Recently, we experimentally reported simultaneous phase regeneration on two 42.66 Gbit/s DPSK input signals using a phase sensitive amplifier (PSA) that is based on multi-pump degenerate four-wave mixing (FWM) . In this paper, the PSA construction as a “black-box” subsystem and use as an in-line module is discussed along with details of the device optimization. Our scheme offers independent processing of each signal wavelength using a single nonlinear medium. Performance evaluation with periodic input phase distortion showed improvement in terms of receiver sensitivity by more than 10 dB, for both channels.
2. Principle and experiment setup
The experimental setup of the proposed regeneration scheme is illustrated in Fig. 1 . At the input we have considered two independently modulated DPSK signals at 42.66Gbit/s. Each signal was produced by modulating separate laser sources, at 1549.91 nm and 1550.71 nm, with de-correlated pseudorandom binary sequences (PRBS) of 231-1 pattern length encoded using separate Mach Zehnder modulators. Pure phase distortion was added to both channels using a single phase modulator driven by a 14 GHz square wave from an independent device. The two channels were subsequently amplified to 14 dBm by an Erbium doped fibre amplifier (EDFA) and launched into the phase regenerator.
An in-line or “black-box” PSA based regenerator requires phase synchronization of its local pumps to the incoming signals. The synchronization stage should involve extraction of the signal carrier phase, translation to the required pump wavelengths and subsequent phase locking of the various signals . The two DPSK channels were combined with a strong CW pump signal at 1547.91 nm. The three signals were amplified to a total power of 30 dBm and launched into a highly nonlinear fibre (HNLF). The HNLF used in this section was a strained aluminous-silicate highly nonlinear fibre whose increased stimulated brillouin scattering (SBS) threshold alleviated the need for active SBS suppression. The fibre had a length of 192 m and at 1550 nm the dispersion parameter was −0.2 ps/(nm·km), the nonlinear coefficient 7.4 W−1·km−1 and the attenuation 14 dB/km. The optical spectrum at the output of the HNLF, taken at point B, is depicted in Fig. 1(b). The FWM interaction of the pump signal with each one of the two DPSK channels extracted a corresponding modulation stripped carrier at symmetric wavelength position. Each of the extracted carriers was self-locked to its data signal and the common local pump, maintaining the required frequency condition for PSA performance among the interacting waves [16,28].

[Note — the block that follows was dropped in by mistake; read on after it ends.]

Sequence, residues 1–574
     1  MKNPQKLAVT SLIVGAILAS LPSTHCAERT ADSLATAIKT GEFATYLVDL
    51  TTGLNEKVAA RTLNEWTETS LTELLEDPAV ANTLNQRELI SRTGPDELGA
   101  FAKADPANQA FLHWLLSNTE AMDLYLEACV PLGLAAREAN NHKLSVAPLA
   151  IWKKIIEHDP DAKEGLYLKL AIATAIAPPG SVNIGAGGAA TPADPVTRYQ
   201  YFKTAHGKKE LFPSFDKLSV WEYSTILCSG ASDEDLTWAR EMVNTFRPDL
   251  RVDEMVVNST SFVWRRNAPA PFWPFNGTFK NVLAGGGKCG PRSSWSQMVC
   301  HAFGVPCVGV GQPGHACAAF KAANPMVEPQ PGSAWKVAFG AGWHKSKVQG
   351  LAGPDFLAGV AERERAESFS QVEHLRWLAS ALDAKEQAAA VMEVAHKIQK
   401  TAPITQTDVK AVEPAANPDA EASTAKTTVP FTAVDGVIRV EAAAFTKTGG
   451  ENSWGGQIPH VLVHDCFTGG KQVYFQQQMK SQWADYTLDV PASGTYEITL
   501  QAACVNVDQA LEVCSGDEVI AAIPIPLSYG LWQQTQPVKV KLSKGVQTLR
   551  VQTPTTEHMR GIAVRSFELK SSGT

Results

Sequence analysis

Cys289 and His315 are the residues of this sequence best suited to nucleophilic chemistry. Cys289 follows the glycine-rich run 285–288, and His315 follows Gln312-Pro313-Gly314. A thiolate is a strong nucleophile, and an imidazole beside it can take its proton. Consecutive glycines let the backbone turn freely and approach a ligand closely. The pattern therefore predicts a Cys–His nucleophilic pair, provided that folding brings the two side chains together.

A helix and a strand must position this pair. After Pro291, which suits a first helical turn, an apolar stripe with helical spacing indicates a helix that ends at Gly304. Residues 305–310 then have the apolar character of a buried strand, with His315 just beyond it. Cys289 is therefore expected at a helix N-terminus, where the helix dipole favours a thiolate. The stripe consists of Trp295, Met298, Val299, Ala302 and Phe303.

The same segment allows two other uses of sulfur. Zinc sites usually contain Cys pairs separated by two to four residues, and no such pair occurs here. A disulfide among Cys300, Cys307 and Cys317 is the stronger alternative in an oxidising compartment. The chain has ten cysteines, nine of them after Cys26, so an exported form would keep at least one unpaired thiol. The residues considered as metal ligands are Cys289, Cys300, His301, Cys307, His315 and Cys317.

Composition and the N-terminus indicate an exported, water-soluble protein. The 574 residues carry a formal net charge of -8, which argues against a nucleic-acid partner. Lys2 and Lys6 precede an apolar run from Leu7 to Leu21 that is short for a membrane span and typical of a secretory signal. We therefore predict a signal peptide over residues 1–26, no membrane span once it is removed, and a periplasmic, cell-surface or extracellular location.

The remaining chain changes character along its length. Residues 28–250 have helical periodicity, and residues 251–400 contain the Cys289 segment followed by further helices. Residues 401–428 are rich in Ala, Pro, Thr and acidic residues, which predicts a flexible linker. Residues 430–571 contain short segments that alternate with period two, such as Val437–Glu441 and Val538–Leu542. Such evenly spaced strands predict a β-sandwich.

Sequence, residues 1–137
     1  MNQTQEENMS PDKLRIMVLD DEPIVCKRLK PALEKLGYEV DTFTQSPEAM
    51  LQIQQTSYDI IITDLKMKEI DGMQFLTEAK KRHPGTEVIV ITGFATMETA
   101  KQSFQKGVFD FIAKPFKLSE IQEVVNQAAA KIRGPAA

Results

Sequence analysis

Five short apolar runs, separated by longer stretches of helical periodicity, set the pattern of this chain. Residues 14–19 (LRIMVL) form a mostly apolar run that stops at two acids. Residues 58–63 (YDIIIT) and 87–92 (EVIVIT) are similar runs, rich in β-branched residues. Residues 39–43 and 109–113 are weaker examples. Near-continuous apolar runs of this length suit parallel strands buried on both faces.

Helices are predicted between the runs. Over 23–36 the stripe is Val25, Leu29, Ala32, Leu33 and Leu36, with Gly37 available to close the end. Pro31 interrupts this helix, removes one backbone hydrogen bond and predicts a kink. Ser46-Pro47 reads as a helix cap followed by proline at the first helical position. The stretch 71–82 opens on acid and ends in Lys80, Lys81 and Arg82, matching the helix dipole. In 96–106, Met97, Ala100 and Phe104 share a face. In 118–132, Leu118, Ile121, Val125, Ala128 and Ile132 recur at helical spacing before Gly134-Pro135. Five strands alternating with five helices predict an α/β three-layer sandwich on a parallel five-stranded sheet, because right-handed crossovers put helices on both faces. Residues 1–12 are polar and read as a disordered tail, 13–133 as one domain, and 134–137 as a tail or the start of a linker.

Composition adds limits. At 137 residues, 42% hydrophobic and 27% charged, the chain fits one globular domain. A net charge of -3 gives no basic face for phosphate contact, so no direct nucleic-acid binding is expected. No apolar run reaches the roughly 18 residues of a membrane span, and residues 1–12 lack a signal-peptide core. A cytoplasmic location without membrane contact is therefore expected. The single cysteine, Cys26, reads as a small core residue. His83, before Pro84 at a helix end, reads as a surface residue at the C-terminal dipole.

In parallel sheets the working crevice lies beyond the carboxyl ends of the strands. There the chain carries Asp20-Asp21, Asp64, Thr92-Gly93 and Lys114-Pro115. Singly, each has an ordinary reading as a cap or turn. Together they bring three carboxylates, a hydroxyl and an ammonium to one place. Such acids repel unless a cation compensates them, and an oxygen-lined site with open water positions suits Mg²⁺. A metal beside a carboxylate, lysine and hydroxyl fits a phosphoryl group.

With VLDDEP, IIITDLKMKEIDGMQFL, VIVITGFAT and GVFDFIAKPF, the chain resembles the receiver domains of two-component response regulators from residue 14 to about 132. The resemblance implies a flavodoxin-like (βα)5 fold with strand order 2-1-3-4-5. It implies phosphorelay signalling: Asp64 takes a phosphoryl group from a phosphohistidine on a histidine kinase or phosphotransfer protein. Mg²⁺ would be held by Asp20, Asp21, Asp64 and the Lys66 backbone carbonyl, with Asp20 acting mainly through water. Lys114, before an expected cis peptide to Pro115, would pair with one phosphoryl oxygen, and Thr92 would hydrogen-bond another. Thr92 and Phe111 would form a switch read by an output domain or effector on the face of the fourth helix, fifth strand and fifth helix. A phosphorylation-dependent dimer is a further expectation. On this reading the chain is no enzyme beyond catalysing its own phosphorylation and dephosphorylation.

After the carrier extraction stage the signal was split, and in one path, the generated carriers were selected by an optical filter and were used to optically injection lock two additional local pump lasers. The injected power of each carrier was kept below −35 dBm, at a level where the limited bandwidth (< 0.5 GHz) of the injection locking process rejected any residual phase modulation on the input signal . Operating the synchronization units at such low bandwidths is a necessary condition for a black-box PSA to achieve broadband phase noise suppression .The emitted power of each local pump laser was 8 dBm. The two injection locked pump lasers from one path and the signal and common pump from the other were directed to a wavelength selective switch (WSS). The WSS suppressed the unwanted spectral components that had been generated from the FWM process in the carrier extraction stage, see Fig. 1(b). The filtered spectrum at the output of the WSS is depicted in Fig. 1(c). It includes the common CW pump (pump 1), the two propagated DPSK signal channels and their corresponding phase locked CW pump waves (pump 2, pump 3) at the symmetric wavelength positions of 1551.91 nm and 1553.52 nm, respectively.